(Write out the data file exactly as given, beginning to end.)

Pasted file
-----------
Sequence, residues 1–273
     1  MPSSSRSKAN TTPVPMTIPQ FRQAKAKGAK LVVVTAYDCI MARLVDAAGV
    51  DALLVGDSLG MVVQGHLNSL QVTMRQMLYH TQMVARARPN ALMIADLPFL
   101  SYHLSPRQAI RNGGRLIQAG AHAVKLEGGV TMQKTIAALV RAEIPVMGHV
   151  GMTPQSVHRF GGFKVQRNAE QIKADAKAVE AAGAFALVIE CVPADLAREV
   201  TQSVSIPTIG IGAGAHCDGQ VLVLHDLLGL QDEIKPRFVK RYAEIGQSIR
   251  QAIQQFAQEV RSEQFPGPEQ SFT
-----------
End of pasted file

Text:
Sequence, residues 1–273
     1  MPSSSRSKAN TTPVPMTIPQ FRQAKAKGAK LVVVTAYDCI MARLVDAAGV
    51  DALLVGDSLG MVVQGHLNSL QVTMRQMLYH TQMVARARPN ALMIADLPFL
   101  SYHLSPRQAI RNGGRLIQAG AHAVKLEGGV TMQKTIAALV RAEIPVMGHV
   151  GMTPQSVHRF GGFKVQRNAE QIKADAKAVE AAGAFALVIE CVPADLAREV
   201  TQSVSIPTIG IGAGAHCDGQ VLVLHDLLGL QDEIKPRFVK RYAEIGQSIR
   251  QAIQQFAQEV RSEQFPGPEQ SFT